Common Cycling Injuries
Cycling Impact/Crash Injuries
Why do cycling accidents happen?
There are many reasons why cyclists fall from their bikes. There is a wide spectrum of cyclists in our community including children who are learning to balance on their new bikes, adult cyclists on recreational bikes, and more seasoned cyclists on road or triathlon bikes. These cyclists are usually on park connectors, trails or along our main roads travelling at low or high speeds.
Falls may be due to external environmental factors such as pot-holes, uneven ground, slippery surfaces or even debris and rocks on the ground. High human or road traffic conditions may make it difficult for cyclists to negotiate their way around and cause them to lose balance. This is especially true during the COVID-19 border closures where we are all around the parks and beaches in Singapore.
Some of us may be unfamiliar with cycling or are riding bikes which do not fit our height and body type. Poor equipment or physical conditioning can just as easily cause us to fall and hurt ourselves. Avid cyclists who spend many hours in the saddle cycling around the country may also be vulnerable to cycling accidents. Fatigue and loss of concentration, especially when you are hunched over a road bike, can lead to falls and injuries.
Common cycling impact/crash injuries
Multiple injuries can occur when cyclists fall from their bike. This may be related to the speed they are travelling and the way the hit the ground on impact. Common injuries include the upper limb and shoulders, as cyclists often break their fall with their shoulder or their wrist. At great speeds, awkward falls can lead to fractures of the collar bone (clavicle), wrist and elbow. There are also often muscles contusions around the upper and lower back, as well as the hips and knees.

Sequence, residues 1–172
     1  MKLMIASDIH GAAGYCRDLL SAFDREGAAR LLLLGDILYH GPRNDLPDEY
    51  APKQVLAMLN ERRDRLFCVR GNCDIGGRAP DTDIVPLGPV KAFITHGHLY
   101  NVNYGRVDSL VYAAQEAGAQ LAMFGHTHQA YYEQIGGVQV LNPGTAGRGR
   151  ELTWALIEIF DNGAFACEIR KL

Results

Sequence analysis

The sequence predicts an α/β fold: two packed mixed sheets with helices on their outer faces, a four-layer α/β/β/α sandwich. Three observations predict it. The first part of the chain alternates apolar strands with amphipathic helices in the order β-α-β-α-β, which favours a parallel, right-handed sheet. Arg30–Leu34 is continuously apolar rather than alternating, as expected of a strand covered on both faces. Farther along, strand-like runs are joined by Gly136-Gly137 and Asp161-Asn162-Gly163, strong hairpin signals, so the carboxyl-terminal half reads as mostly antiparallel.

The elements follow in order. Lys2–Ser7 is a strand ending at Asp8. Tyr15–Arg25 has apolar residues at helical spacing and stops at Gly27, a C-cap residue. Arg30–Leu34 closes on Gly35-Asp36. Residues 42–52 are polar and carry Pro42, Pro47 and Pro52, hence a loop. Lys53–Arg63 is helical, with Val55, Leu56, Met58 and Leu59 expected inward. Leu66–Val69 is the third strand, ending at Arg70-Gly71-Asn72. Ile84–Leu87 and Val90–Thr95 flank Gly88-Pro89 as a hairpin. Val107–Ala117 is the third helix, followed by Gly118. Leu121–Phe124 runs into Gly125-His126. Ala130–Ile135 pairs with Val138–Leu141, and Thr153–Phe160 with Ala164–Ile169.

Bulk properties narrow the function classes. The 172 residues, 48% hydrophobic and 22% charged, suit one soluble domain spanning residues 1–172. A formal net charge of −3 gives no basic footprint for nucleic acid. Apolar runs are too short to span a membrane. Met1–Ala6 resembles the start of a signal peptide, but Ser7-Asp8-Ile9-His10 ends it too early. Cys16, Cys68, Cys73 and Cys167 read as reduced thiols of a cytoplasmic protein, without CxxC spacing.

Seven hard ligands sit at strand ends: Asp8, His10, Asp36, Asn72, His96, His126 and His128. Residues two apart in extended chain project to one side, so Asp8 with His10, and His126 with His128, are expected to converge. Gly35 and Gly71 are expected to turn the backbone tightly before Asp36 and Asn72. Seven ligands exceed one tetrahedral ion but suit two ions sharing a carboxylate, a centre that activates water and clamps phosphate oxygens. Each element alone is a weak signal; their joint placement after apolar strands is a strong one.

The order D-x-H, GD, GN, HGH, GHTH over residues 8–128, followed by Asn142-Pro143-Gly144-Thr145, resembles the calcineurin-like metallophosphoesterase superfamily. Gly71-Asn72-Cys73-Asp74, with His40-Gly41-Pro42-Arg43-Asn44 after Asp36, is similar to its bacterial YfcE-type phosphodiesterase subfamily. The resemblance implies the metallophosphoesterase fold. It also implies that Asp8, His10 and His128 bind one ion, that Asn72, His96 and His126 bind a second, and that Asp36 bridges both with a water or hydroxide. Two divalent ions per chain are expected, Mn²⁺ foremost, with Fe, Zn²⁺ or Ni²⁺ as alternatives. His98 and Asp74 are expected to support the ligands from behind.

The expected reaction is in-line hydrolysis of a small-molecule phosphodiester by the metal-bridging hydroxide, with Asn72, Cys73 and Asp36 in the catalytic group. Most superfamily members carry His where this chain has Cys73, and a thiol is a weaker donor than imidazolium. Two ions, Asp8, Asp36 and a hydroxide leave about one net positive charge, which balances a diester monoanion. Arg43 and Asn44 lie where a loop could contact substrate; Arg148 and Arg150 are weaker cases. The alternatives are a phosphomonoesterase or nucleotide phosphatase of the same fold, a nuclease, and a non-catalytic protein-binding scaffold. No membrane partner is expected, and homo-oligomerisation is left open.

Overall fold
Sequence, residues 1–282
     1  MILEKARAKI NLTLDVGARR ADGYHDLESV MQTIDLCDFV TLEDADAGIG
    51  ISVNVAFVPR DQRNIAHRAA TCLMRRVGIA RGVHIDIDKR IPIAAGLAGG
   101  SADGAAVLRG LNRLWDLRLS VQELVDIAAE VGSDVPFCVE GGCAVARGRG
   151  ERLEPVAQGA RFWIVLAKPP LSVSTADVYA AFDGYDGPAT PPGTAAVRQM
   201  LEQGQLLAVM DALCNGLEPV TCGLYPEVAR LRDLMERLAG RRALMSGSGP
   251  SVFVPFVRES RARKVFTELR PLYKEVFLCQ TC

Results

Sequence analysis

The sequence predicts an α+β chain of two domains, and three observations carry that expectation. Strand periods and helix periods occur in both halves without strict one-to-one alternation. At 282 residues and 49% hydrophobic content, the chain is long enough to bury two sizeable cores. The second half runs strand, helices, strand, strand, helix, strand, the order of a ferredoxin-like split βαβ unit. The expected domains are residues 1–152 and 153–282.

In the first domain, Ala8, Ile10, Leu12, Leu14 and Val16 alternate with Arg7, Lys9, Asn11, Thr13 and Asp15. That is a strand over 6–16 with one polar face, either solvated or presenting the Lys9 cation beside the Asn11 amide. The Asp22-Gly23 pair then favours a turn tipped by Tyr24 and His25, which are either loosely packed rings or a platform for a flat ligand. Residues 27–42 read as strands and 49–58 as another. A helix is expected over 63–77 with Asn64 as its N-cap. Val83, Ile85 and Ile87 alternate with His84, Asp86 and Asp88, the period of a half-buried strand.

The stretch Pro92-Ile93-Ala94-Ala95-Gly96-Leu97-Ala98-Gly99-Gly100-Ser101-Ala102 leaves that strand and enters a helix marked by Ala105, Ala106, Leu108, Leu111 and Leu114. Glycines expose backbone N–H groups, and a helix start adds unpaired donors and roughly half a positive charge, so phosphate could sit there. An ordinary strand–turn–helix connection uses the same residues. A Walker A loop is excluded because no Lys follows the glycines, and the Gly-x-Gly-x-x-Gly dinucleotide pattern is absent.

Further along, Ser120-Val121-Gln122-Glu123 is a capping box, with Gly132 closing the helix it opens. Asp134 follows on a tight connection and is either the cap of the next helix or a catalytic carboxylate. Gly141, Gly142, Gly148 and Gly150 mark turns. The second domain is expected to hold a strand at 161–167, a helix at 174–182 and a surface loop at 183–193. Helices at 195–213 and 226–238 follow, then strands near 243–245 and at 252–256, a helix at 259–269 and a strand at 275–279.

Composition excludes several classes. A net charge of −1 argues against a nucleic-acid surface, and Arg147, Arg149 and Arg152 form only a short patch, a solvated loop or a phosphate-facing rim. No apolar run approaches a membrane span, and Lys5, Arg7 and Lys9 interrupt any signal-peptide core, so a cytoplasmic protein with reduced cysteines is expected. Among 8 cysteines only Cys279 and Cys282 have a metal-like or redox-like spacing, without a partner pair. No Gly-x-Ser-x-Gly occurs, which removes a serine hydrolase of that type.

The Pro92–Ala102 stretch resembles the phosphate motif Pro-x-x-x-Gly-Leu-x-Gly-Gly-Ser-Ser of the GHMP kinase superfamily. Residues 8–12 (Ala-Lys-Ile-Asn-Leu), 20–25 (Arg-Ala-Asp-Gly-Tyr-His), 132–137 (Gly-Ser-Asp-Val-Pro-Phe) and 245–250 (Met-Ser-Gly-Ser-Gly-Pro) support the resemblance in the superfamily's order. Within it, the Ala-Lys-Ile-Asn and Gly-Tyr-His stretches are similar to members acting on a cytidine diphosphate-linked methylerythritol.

These days, it is compulsory to wear a helmet when cycling on open roads. This has helped reduce the number of serious head injuries that cyclists sustain when they fall.
Should I seek help after a fall?
It is important to seek help after a fall, especially if it is a high impact accident or you are seriously hurt.
Initial first aid is important. This includes applying pressure over a bleeding wound. If you are unable to stand or walk, it is best to get help from a friend or family member to take you to the nearest emergency department.
If you are still feeling significant pain or loss of function caused by an injury from a recent fall, it is prudent to get the injury assessed by a trained professional. An X-ray, ultrasound scan or an MRI scan may be required to accurately diagnose the injury.
Most sprains and contusions improve after two or three weeks of adequate rest and self-care. If you are keen to return to cycling, first ensure that your bicycle is in good working order to prevent future falls from a damaged bike.
Start cycling slowly with a high cadence over short distances as a starting point. If this initial cycle does not pose any major problems, you may start cycling longer distances at your own pace.
What to do now while waiting for diagnosis/treatment?
Self-care may be practiced while waiting to be seen by an orthopaedic surgeon or physiotherapist. If your pain or symptoms are too much to bear, do seek immediate help from your local doctor.